Concerts that Inspire and Widen Horizons
A reflection on Oberlin’s Artist Recital Series
Have you ever been to a concert that changed your life? As passionate musicians, almost all of us conservatory majors can say that we have experienced concerts that inspired us in unique ways. Oberlin hosts over 500 concerts per year, but the most unforgettable performances in my memory box so far have been part of the Artist Recital Series, Oberlin’s annual showcase of renowned professional performers from a wide variety of musical backgrounds.
Recently I was talking to a cellist friend who graduated from Oberlin a little while ago. She was reflecting on a special moment during her first year when Yo-Yo Ma was brought in as part of the Artist Recital Series. She recounted how awed she had been by his infectious love of music. How she had left the concert in a haze of inspiration, and how it reminded her of what making music is all about. She said it sent her straight to the practice room, where she spent hours experimenting with her own sound.
My last visit to an Artist Recital Series concert was in February, when the Grammy Award-winning vocal ensemble Roomful of Teeth visited Oberlin. Honestly, I had no idea human voices were capable of making sounds like that (perfectly in tune, of course).
Almost every artist on the Artist Recital Series engages in a residency, in which they interact with students through workshops or master classes. In conjunction with the Roomful of Teeth concert, Pulitzer Prize-winning composer Caroline Shaw shared her experiences with us in a Composers Forum. She was asked about her approach to working with people, to which she responded: “Trust is a big thing when working with people. Appreciate all the people that participate in making something happen. Appreciate the person who puts the chair on the stage.” In another event the group hosted as an ensemble, they introduced their audience to Tuvan throat singing, Inuit throat singing, and yodeling, among other things. It was a fascinating presentation both musically, and culturally.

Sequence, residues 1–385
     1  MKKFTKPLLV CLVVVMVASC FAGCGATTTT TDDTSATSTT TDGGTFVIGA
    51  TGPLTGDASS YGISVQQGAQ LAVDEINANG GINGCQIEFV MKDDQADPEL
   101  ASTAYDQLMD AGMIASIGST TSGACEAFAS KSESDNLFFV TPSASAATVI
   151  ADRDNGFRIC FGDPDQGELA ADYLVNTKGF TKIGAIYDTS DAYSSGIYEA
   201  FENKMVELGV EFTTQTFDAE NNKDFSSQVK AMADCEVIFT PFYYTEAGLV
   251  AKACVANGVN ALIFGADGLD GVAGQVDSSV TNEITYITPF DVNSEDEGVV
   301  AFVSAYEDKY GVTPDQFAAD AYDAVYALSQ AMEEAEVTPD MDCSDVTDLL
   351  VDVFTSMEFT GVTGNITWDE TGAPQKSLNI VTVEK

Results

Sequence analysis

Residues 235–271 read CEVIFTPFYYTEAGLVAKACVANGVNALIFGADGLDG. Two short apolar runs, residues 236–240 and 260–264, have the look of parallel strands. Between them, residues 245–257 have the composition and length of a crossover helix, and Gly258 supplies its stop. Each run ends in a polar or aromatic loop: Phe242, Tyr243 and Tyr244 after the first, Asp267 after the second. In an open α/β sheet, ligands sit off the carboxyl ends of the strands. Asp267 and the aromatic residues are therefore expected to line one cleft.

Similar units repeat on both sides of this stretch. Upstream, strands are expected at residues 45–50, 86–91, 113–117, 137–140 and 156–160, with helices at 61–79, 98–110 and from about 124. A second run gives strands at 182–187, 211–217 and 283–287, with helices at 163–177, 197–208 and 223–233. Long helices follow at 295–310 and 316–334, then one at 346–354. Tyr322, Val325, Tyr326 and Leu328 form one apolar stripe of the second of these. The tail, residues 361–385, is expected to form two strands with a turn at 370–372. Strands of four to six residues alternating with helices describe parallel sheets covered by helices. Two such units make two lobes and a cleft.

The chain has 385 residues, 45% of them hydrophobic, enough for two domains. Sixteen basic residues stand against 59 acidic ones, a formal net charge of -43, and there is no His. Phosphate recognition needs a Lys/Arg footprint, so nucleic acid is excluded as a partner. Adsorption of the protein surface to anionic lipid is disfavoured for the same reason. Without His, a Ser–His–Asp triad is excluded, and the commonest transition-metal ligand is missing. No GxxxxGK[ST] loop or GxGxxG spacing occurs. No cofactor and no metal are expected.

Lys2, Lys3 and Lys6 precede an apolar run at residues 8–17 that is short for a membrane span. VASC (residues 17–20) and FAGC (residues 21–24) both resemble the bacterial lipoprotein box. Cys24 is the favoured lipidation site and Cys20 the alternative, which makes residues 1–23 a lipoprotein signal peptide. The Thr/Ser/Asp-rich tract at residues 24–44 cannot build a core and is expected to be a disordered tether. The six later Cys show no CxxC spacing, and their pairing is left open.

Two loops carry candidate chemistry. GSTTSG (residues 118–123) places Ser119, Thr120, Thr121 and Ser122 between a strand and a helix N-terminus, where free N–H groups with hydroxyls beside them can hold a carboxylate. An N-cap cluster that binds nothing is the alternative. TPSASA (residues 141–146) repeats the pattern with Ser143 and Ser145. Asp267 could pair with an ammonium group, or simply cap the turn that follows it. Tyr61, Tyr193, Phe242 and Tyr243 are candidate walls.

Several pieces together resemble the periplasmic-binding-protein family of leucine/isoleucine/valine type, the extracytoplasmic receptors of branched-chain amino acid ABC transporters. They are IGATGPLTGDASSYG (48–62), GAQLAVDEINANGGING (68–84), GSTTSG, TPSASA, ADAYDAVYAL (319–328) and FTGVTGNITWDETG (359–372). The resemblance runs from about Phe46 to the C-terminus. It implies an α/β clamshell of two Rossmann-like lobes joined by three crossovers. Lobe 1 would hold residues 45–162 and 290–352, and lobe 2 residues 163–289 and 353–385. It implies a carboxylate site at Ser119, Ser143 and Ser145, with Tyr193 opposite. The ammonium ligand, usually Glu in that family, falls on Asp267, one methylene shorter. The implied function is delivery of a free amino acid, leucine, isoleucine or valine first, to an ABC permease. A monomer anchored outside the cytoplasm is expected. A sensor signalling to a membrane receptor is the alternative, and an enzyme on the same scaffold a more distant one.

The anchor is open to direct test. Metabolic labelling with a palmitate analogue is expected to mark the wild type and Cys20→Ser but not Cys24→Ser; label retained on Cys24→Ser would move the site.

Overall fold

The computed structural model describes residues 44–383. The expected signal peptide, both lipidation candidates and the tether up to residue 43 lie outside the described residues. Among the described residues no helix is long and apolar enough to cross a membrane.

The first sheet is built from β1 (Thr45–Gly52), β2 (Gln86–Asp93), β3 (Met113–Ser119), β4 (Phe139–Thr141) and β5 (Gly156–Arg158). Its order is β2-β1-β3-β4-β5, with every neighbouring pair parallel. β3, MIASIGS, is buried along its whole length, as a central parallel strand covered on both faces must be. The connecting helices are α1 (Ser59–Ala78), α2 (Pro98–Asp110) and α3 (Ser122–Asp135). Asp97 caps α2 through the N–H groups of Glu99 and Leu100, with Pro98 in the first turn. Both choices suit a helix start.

As part of the Artist Recital Series, I have attended master classes with Pinchas Zukerman, Tessa Lark, and many other great artists. Almost all the subsequent performances gave me new ideas to ponder and implement in my life as a musician.
After watching an Artist Recital Series performance by the St. Lawrence String Quartet, my quartet came up with an exercise where we aimed to move and express our musical instincts physically as strongly as St. Lawrence had done the night before. Watching the Cleveland Orchestra play Beethoven in Finney Chapel, I thought about new ways to blend more integrally with my section in the orchestra. The Punch Brothers helped widen my musical horizons. I confess, I live in a bit of a classical music bubble, but I became an avid Punch Brothers fan after their residency. Sometimes it is refreshing to tune out all the Beethoven, Brahms, Tchaikovsky and Lekeu melodies that are playing in my head throughout the day. Wondering who Lekeu is? if you’ve never heard the Lekeu piano quartet before, you should check it out!
This week, the Brentano String Quartet will be here, and I’m sooo excited! It’s going to be a great concert, I’m reasonably sure of that. I will also say a part of me is already curious to find out more about next year’s Artist Recital Series.